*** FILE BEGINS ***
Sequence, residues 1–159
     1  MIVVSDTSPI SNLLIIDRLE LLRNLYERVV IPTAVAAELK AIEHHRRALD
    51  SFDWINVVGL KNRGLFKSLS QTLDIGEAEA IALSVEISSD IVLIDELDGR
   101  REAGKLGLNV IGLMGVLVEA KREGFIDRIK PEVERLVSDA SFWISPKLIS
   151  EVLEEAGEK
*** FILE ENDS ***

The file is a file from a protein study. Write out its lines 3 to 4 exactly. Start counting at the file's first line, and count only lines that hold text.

    51  SFDWINVVGL KNRGLFKSLS QTLDIGEAEA IALSVEISSD IVLIDELDGR
   101  REAGKLGLNV IGLMGVLVEA KREGFIDRIK PEVERLVSDA SFWISPKLIS